The CyberWire Daily Podcast 7.14.21
Ep 1374 | 7.14.21

Patch notes. What’s happening with REvil remains unclear, but it would be rash to count the gang out.


Dave Bittner: SolarWinds patches a zero-day exploited by a Chinese threat group. We got Patch Tuesday notes. What's up with REvil - takedown, retirement, rebranding or glitch? Joe Carrigan from Johns Hopkins University Information Security Institute on cellphone carriers sneaking us ads via SMS. Our guest is Nicko van Someren of Absolute Software with a look at endpoint risk. And those bots like futbol.

Dave Bittner: From the CyberWire studios at DataTribe, I'm Dave Bittner with your CyberWire summary for Wednesday, July 14, 2021. 

Dave Bittner: We begin with a few quick notes on this week's patches. SolarWinds yesterday patched a vulnerability in its Serv-U FTP server that Microsoft discovered. BleepingComputer reports that groups based in China were using the vulnerability to prospect U.S. defense contractors and software companies. The Microsoft Threat Intelligence Center says it has observed DEV-0322 targeting entities in the U.S. Defense Industrial Base Sector and software companies. This activity group is based in China and has been observed using commercial VPN solutions and compromised consumer routers in their attacker infrastructure. 

Dave Bittner: Yesterday was Patch Tuesday. Microsoft's fixes included patches for three zero-days undergoing exploitation in the wild - two Windows kernel privilege escalation issues and one scripting engine memory corruption floor. CISA released advisories on 21 industrial control system products. And a separate CISA emergency directive also required federal agencies to apply mitigations to Windows Print Spooler vulnerabilities. Those mitigations have been made generally available in Microsoft's July updates, and CISA want the agencies it oversees to implement them.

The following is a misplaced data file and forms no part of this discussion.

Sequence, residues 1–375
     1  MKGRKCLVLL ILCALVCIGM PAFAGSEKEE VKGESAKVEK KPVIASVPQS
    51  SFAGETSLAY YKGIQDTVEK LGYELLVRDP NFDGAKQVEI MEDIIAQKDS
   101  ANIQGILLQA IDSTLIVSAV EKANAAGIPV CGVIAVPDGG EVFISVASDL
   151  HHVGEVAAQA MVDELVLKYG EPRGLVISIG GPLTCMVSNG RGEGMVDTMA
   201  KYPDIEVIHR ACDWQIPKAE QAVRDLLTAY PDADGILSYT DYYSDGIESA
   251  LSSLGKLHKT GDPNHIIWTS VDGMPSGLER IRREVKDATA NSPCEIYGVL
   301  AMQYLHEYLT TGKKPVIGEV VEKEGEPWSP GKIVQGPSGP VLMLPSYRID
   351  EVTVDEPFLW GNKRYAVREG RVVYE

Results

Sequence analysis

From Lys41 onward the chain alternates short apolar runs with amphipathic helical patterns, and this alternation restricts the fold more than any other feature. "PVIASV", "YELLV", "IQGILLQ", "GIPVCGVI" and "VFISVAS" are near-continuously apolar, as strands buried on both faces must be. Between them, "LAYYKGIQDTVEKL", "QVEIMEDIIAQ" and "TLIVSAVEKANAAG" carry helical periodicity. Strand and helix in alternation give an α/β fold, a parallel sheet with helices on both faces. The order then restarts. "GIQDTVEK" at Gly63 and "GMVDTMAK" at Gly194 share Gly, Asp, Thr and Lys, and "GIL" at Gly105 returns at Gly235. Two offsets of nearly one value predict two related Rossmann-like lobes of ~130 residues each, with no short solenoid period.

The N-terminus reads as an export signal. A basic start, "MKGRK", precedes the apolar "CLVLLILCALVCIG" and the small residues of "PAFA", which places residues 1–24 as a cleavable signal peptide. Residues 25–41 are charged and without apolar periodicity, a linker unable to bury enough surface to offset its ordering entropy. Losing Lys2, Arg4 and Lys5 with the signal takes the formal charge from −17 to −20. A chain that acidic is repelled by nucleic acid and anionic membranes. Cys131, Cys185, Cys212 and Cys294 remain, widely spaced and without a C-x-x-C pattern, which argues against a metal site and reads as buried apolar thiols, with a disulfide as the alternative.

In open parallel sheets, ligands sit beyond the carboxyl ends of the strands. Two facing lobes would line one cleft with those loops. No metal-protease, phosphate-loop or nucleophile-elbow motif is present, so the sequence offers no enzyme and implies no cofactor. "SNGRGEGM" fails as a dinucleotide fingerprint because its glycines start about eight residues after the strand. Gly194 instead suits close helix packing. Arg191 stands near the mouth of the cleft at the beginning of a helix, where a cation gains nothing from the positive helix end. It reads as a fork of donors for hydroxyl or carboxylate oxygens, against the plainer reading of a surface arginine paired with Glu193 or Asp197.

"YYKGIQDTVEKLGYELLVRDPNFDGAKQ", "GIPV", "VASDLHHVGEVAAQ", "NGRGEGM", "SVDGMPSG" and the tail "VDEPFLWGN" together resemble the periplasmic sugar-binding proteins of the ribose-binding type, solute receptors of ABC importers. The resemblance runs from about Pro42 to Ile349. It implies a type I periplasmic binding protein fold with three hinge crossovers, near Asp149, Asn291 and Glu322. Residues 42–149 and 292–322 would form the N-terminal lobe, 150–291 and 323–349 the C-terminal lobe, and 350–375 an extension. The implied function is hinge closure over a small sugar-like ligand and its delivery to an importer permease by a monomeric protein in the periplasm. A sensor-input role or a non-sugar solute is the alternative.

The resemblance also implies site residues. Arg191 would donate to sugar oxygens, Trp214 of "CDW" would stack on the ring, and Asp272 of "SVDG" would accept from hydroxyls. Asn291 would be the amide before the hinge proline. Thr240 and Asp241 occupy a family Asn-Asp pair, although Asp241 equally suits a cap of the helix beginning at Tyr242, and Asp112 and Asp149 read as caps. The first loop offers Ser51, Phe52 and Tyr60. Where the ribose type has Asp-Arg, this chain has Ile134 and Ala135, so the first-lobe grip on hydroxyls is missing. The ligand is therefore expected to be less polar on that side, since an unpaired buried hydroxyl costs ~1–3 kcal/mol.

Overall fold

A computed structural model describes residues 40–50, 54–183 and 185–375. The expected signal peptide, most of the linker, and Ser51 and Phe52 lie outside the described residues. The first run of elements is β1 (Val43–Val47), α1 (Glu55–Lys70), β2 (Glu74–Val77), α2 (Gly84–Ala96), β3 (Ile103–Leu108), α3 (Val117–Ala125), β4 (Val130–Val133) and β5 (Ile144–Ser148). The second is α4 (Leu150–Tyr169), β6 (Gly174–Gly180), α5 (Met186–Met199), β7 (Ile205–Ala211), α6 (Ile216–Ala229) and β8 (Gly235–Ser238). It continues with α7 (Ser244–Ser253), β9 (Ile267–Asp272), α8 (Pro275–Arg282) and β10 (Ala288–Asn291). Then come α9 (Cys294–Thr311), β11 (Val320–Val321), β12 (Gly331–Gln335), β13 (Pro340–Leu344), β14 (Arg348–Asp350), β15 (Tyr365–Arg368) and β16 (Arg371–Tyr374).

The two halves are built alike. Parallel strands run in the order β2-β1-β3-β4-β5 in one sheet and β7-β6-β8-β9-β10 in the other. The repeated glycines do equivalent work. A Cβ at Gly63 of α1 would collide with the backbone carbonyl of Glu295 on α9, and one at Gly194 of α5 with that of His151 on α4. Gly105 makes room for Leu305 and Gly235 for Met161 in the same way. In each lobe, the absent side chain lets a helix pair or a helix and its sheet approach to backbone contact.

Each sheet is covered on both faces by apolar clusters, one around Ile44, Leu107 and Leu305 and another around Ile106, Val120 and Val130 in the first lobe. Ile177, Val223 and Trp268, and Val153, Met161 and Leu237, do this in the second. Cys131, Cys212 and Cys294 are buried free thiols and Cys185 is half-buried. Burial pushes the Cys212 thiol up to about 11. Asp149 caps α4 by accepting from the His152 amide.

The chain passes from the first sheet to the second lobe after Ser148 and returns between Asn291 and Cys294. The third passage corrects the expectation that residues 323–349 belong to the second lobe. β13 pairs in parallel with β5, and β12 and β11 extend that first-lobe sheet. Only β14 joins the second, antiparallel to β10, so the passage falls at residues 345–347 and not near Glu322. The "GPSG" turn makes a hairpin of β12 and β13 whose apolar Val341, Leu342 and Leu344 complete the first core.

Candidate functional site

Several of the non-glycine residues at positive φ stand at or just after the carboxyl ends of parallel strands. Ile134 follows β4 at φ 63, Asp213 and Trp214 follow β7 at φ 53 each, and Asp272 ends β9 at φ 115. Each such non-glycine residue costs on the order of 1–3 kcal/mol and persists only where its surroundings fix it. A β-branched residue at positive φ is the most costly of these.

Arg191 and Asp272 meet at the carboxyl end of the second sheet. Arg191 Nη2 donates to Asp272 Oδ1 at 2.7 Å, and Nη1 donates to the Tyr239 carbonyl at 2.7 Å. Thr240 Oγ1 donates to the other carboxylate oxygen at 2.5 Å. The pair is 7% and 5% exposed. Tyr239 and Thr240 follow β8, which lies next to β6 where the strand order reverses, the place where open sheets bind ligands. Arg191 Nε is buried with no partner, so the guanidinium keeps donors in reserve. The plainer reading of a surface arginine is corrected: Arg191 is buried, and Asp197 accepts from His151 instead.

Dave Bittner: REvil's disappearance early yesterday morning from its usual online haunts - including its own cynically named Happy Blog - remains unexplained. The New York Times and others note that the vanishing followed a U.S. request that Russia do something about ransomware gangs operating from its territory, but it's unclear what connection that had with the American demarche. 

Dave Bittner: Steve Moore, chief security strategist at security firm Exabeam, wrote to offer some perspective on what may have happened to REvil. Quote, "it would seem that everything is down for REvil - landing page, payment, help desk chat. This outage could be criminal maintenance, planned retirement or, more likely, the result of an offensive response to the criminal enterprise. We don't know. If the outage is the result of an offensive response, then this sends a new message to these groups that they have a limited window in which to work. Furthermore, if a nation responds to criminals backed by and hosted in another country, this will change the definition of risk for affected private organizations. The question becomes who is and isn't ready to participate in this new theater. If a nation engages in offensive hack-back operations, then to what degree should they defend private companies as well, which is arguably more valuable?"